Lisa: Absolutely! So, I’m interested to know, do different parts of the world and different cultures react differently to different parts of the show? Are there some parts that are really popular in one area that’s different from another area?
Meridian: I don’t know if I’ve noticed anything that specific. Maybe you’ll have an audience in some areas that are a little bit quieter than others. It doesn’t mean they’re not enjoying the show, it’s just perhaps a different way of expressing their enjoyment. Subtle differences like that, but overall, people are enjoying it so much, and that’s very clear in whatever reactions they give. It’s fun for us to get to learn about the different ways people respond to us as well.
Lisa: For sure. So, what has been the loudest crowd that you have performed for?
Meridian: That’s tough because there are wildly different sizes. We did a Fourth of July thing years ago that was supposedly for an audience of millions that either lived where we were or were in the televised audience. In terms of loudest, that’s tough to say. We had an audience just earlier this week that was wildly loud. By the end, something touches people in the show and makes them feel excited, happy and joyful.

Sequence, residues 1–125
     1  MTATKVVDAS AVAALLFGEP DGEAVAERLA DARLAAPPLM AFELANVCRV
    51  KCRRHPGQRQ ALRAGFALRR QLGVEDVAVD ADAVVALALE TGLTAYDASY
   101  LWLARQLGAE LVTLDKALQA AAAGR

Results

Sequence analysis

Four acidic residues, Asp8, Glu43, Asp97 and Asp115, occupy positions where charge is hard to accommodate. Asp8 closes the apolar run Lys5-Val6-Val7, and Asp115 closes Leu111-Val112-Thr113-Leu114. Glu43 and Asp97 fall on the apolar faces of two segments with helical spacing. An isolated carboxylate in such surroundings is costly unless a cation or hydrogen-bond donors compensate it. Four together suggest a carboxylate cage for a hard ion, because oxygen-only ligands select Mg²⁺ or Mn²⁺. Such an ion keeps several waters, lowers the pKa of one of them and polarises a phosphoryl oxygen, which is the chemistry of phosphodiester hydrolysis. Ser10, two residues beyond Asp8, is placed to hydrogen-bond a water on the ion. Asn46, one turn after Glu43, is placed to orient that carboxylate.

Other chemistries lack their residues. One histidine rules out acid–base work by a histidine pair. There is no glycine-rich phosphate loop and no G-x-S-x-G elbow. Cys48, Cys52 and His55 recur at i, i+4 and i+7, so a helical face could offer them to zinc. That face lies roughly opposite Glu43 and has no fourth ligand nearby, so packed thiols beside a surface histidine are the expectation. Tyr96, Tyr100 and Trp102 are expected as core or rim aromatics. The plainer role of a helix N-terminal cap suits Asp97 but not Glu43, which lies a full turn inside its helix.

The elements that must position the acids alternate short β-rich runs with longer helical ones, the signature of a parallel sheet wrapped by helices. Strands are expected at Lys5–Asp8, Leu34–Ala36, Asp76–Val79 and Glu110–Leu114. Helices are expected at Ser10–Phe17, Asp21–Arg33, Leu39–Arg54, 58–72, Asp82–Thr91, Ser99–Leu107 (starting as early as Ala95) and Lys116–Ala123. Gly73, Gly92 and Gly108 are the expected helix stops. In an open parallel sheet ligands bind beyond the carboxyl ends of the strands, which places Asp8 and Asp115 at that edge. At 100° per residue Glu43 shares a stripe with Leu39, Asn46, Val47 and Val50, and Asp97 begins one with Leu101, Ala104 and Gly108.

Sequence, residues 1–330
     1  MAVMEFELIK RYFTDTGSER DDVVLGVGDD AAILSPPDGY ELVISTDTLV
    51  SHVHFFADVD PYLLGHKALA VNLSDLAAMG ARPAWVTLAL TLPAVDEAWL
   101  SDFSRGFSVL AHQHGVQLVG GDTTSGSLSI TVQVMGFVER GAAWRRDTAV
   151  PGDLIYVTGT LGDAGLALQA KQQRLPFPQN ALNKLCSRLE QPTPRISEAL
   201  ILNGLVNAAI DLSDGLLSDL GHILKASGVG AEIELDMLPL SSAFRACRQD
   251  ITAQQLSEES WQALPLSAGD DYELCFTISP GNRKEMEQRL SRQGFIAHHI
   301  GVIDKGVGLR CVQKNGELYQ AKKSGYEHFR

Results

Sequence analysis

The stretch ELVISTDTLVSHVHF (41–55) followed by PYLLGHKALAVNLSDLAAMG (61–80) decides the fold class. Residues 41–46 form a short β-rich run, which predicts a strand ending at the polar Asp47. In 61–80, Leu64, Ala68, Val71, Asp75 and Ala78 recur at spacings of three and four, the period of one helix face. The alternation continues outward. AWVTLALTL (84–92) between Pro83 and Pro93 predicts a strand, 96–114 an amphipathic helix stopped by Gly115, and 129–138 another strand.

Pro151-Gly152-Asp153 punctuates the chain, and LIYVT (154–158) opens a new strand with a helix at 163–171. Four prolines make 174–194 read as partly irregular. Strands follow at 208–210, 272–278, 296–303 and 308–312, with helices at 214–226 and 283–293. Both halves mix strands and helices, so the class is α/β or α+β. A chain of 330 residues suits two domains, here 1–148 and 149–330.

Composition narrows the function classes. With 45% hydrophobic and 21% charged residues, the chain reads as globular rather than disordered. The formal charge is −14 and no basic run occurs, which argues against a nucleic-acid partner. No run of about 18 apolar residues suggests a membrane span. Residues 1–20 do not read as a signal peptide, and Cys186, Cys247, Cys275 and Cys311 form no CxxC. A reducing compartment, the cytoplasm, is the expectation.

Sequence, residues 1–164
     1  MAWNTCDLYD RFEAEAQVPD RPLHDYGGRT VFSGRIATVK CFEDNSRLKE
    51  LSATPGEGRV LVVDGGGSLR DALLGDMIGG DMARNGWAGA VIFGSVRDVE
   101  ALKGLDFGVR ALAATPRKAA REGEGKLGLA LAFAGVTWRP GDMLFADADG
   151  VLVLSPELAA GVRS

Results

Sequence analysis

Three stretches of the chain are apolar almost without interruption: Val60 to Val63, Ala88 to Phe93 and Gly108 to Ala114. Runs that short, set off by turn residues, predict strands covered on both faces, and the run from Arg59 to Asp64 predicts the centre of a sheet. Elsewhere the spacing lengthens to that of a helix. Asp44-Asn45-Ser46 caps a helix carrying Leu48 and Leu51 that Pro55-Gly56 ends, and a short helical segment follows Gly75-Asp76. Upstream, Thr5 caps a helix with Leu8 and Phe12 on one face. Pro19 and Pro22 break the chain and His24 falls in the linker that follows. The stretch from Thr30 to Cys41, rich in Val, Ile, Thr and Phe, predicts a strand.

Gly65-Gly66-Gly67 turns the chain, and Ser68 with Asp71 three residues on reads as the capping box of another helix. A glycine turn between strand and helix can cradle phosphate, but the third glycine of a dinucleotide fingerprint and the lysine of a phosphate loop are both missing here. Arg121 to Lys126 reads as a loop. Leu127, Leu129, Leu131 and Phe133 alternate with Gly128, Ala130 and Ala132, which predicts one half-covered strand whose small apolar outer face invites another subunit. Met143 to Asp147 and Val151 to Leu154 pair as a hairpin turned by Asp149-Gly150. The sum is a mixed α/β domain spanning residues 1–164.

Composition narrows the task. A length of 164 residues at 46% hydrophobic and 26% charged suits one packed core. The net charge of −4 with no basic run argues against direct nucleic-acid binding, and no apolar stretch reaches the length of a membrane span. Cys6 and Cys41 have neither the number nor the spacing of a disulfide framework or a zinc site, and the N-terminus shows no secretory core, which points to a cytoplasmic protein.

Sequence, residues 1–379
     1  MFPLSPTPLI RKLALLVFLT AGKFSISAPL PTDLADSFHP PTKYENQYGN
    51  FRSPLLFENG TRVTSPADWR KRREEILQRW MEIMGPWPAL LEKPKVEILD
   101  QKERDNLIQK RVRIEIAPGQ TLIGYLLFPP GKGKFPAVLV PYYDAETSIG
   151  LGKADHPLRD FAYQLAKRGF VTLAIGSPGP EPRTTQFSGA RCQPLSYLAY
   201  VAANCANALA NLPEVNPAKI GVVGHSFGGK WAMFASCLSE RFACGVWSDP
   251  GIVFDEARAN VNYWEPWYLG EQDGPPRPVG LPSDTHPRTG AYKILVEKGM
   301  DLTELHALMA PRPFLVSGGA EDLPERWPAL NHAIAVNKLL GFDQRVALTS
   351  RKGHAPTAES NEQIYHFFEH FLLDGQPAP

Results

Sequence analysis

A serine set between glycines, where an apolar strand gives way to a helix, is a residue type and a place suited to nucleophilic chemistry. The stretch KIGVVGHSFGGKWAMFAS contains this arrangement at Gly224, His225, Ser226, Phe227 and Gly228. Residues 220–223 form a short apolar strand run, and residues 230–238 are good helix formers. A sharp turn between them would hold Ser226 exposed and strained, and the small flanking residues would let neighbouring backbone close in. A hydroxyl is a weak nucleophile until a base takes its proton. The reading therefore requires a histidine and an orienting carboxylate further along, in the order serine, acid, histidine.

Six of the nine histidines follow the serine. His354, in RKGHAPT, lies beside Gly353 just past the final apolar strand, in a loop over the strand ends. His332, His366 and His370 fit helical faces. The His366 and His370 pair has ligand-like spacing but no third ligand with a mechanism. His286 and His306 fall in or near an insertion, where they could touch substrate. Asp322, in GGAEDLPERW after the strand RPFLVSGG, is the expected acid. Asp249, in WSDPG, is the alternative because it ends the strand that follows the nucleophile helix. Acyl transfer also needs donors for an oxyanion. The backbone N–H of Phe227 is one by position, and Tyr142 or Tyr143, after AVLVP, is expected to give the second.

People love the show, they love the music. There’s something about it that, from this mysterious beginning of the show where people don’t know who we are or what we’re about, we get through this hour and a half journey together.Meridian, Blue Man Group
Lisa: Just wait until you get back to Worcester. I promise you, we are going to be one of the most excited, happy, loudest enthusiastic crowds ever, Meridian! I’m also curious how you got started.
Meridian: I went to a graduate acting program called The National Theatre Conservatory. It was a funny coincidence, there were four previous graduates of that program who went on to become Blue Men. When I graduated, I sort of followed in their footsteps, auditioned and had to take some drumming lessons because I wasn’t a drummer to start out with. I came at it from my theater background and my acting background. Other people are more musical and they have to work on their acting skills a little bit. There’s a unique mix of talents in a Blue Man performer. Luckily, I have those gifts.
Lisa: Absolutely! Tell me a little bit about the other Blue Men in the group. What do you guys do for fun when you’re not drumming, performing and making people feel joyful?
Meridian: We like to explore the towns that we’re in. We’re in lovely Bloomington, Indiana right now and it’s a lovely town to walk around. One of us was just antique shopping yesterday. It’s funny because we’re all individual people with individual interests, and then you just find a way to explore with the location changing around you constantly.
Lisa: I think it sounds amazing!
Meridian: There are lots of opportunities to discover new things. Sometimes you crave a little more routine, but I think people who love touring like it for those very reasons. There’s always something new to experience.
Lisa: I bet. When you are in the different locations, and you’ve been in a lot of really cool places, what is the favorite part of the show that you love to bring to the different audiences? Is there one part in particular that you look forward to?